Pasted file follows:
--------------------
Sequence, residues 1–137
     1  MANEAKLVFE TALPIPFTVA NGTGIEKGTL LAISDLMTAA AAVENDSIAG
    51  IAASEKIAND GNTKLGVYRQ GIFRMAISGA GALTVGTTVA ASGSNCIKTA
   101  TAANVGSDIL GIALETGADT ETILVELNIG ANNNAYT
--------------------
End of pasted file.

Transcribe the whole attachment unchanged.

Sequence, residues 1–137
     1  MANEAKLVFE TALPIPFTVA NGTGIEKGTL LAISDLMTAA AAVENDSIAG
    51  IAASEKIAND GNTKLGVYRQ GIFRMAISGA GALTVGTTVA ASGSNCIKTA
   101  TAANVGSDIL GIALETGADT ETILVELNIG ANNNAYT